Such constructive ambiguity was also used with the settlement drive. There was great internal debate as to what, exactly, was to be done about this land, whether it should be settled or given back, and what can be done about the Arabs living in it. After Israel’s miraculous victory in the Six Day War, people began expecting miracles everywhere. Israel decided to start building settlements and simply not worry about the rapidly growing 1.7 million Arabs on the land (today 3.2 million.) After all, if Israel’s birth and continued existence was dependent on miracles, why not expect just one more? Rather than letting idealism set the goals and realism get them there, people threw realism out the window and acted purely on idealism.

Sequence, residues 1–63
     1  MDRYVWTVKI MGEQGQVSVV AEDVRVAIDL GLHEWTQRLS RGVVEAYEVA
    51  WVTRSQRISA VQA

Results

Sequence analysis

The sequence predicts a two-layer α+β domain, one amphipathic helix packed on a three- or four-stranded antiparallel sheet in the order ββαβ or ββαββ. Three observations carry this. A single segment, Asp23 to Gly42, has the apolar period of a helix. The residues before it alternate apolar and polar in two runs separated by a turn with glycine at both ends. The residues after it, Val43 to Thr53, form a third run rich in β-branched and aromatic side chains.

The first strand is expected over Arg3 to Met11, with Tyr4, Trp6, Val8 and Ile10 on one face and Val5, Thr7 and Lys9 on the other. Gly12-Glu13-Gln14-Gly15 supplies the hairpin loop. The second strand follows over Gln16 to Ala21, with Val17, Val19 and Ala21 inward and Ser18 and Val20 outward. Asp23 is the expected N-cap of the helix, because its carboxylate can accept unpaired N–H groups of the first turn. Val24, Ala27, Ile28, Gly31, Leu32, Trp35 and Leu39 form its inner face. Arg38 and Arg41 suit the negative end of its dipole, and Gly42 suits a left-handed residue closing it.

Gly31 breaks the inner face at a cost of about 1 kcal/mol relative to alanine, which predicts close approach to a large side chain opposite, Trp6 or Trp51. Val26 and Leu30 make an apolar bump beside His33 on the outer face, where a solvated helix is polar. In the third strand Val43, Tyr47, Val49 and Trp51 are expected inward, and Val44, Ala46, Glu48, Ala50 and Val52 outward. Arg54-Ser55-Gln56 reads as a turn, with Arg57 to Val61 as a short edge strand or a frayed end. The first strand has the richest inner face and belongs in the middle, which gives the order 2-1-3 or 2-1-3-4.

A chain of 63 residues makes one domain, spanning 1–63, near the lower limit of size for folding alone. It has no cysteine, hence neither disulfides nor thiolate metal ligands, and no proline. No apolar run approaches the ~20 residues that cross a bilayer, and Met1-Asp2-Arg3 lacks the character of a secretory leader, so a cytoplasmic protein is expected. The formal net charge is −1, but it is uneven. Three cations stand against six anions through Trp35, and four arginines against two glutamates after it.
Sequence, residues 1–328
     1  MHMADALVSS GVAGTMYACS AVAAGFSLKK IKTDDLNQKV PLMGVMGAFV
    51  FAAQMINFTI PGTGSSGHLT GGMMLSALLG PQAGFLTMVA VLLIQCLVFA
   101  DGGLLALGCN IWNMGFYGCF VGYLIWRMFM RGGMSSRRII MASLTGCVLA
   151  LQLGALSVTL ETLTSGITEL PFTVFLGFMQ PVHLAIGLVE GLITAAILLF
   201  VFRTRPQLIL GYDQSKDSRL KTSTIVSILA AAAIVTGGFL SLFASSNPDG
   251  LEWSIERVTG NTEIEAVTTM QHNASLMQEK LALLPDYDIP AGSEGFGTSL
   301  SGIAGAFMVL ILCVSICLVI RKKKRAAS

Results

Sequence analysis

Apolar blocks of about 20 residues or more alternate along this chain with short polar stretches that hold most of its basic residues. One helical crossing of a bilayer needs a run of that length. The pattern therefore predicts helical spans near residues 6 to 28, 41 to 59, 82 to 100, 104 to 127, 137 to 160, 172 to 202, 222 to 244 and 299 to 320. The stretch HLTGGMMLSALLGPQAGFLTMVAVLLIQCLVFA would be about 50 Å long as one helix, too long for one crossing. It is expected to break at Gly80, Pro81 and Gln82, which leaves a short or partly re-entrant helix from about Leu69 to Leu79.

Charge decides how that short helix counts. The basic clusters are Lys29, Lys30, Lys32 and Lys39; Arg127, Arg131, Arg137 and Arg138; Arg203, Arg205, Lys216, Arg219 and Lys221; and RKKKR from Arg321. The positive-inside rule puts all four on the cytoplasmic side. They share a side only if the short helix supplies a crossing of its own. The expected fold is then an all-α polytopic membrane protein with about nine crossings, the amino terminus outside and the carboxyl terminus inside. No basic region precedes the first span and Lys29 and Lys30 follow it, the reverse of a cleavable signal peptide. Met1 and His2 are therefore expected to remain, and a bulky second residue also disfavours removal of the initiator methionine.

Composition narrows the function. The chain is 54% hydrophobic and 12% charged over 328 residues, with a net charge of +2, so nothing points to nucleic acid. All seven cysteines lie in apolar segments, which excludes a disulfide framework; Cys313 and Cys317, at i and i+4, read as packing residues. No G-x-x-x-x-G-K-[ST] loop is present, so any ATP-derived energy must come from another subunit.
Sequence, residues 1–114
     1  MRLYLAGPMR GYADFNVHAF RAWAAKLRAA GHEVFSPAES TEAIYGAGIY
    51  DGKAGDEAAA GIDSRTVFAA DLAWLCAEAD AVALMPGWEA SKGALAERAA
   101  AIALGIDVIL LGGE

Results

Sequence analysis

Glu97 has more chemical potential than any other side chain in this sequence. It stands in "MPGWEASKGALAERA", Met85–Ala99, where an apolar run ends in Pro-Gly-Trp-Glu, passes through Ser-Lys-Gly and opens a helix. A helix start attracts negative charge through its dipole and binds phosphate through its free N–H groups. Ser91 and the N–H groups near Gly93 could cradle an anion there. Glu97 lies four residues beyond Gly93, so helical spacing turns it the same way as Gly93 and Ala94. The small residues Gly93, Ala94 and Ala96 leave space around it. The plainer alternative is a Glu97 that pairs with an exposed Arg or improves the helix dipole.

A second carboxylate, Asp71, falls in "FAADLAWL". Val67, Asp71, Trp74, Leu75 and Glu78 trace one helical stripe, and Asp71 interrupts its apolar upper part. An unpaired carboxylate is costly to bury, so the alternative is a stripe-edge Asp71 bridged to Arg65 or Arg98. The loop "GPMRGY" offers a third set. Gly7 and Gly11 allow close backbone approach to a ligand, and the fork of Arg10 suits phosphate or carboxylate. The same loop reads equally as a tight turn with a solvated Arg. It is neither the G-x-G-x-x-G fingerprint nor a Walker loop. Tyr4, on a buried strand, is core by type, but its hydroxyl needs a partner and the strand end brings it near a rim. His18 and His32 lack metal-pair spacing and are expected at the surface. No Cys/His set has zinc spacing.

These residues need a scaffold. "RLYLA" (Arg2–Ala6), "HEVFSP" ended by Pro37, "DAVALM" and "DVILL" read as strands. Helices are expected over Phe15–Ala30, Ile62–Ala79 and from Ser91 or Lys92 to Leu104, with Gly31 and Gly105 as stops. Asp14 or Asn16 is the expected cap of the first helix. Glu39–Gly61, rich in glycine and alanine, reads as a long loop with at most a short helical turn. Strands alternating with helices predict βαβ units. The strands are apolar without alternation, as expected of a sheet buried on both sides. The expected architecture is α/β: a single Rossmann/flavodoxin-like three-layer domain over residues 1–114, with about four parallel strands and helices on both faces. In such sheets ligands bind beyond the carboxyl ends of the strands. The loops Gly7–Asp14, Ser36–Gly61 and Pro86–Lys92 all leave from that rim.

It must also be remembered that Yesha isn’t just land, it’s the heart of the heart of the Jewish homeland, with Hebron, the first capital of the Jewish people and burial place of the patriarchs, Shechem, where Joseph is buried, Jehrico, the city of date palms, the place where the sun stood still for Joshua and the walls came a tumblin’ down, and many other places mentioned in the bible; Shiloh, Beit Lechem (Bethlehem), Elon Moreh, the list goes on. This is where the bible actually happened, not Tel Aviv or Haifa, and the Jewish people will always have a very strong attachment to these areas. The combination of attachment to the land and the belief in the ability of Israel to work miracles whenever it chose led to a disorganized, mass movement into these areas. Rather than being controlled by the government, the settlers controlled the government through their actions by setting up makeshift settlements wherever they chose and then waiting for the government to recognize them retroactively. This action undermined the authority of the Israeli government. When the government came under fire internationally for having started a settlement drive, it again embarked on a path of constructive ambiguity. By not annexing these territories, they were technically leaving all options open, but by building in them, they were de-facto annexing them. Israel effectively held sovereignty over the land, with Israeli courts holding jurisdiction over the land, Israeli sewers and electric systems being hooked up to it, and Israeli homes being built on it. As the circumstances of the Six Day War, with the near destruction of Israel, the fact that Israel is only eight miles wide without this land, and the strategic necessity of holding some of this land, faded from the memory of the world, it became harder and harder to officially annex it. The sudden appearance of the Palestinians after 1967, a people who had never before existed and therefore never been taken into account, and who now had a deep and historical claim to the land in the eyes of the world, made it even more difficult to annex.